Leonardo Da Vinci Slide Images Revised 01/04 1 5 10 14 11 12 13 6 7 8 9 2 3 4

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Page 1: da Vinci Write-uppal.loswego.k12.or.us/Da Vinci - Slide Notes.pdf · Leonardo da Vinci was fascinated by all things in nature, and he filled notebooks with drawings that reflected

Leonardo Da Vinci Slide Images

Revised 01/04





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Page 2: da Vinci Write-uppal.loswego.k12.or.us/Da Vinci - Slide Notes.pdf · Leonardo da Vinci was fascinated by all things in nature, and he filled notebooks with drawings that reflected

1. Self-Portraitc. 1512-15, red chalk on paper, 13-1/8” x 8-3/8”, Royal Library, Turin, Italy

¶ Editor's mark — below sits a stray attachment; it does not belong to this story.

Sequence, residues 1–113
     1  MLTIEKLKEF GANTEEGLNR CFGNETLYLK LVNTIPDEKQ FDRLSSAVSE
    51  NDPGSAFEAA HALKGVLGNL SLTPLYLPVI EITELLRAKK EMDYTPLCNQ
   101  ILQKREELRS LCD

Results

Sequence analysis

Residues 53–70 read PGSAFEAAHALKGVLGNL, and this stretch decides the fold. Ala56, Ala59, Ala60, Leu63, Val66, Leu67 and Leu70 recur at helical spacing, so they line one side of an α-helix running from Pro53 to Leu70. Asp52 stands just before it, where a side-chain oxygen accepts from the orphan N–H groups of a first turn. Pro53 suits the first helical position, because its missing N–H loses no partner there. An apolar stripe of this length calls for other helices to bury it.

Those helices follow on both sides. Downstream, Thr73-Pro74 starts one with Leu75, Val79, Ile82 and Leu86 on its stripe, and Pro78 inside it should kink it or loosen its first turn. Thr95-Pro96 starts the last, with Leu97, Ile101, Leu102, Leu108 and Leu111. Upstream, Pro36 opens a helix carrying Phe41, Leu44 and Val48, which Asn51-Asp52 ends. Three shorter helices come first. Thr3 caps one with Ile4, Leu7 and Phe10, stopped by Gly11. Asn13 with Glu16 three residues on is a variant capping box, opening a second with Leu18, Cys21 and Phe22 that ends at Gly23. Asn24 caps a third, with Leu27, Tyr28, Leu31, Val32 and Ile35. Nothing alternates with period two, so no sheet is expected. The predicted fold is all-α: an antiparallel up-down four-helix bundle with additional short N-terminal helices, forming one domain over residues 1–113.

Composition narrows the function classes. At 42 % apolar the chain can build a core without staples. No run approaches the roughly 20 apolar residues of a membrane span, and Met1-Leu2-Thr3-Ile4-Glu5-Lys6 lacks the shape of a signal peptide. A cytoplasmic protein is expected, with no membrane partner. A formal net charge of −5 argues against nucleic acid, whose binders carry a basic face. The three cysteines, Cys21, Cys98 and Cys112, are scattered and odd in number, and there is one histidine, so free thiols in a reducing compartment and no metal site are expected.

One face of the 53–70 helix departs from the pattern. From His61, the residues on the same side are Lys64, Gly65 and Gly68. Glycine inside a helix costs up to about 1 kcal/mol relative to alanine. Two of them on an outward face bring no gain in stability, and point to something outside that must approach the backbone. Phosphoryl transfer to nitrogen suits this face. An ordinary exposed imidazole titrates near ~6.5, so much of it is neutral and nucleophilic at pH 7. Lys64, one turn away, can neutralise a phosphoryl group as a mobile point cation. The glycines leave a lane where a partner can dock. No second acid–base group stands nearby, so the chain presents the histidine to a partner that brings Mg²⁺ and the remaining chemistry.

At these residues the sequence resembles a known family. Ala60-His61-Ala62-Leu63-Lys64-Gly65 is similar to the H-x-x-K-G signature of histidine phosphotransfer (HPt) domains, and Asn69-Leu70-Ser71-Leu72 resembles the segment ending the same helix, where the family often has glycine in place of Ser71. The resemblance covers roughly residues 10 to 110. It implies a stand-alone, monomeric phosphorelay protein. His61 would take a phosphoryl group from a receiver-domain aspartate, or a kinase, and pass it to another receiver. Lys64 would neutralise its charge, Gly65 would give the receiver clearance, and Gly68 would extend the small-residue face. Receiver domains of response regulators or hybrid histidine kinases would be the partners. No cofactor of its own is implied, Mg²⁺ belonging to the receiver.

This self-portrait of Leonardo da Vinci was done during his last years in Italy, prior to hismove to France. At the bottom of the drawing is an inscription which translates,“Leonardo da Vinci, portrait of himself as an old man.”

2. Botanical Drawing: Viola, Oderata, Pyrus, Spikelet of Germinaceac. 1481-83, pen and ink, Venice

Leonardo da Vinci was fascinated by all things in nature, and he filled notebooks withdrawings that reflected his interests. His philosophy was “to strive to draw everythingexactly as it appears in nature,” which is exemplified in these botanical drawings of vari-ous flowers. His many drawings of the natural world were studies that he later used toaccurately create the background scenes in his paintings.

With only pen and ink, da Vinci was able to capture the three-dimensional qualities ofthese flowers in two dimensions. He created shape and shading through value changes,using fine pen strokes to define the basic shapes and then drawing dark lines closelytogether (called “hatching”) or intersecting lines (called “cross-hatching”) to create darkareas of shadow.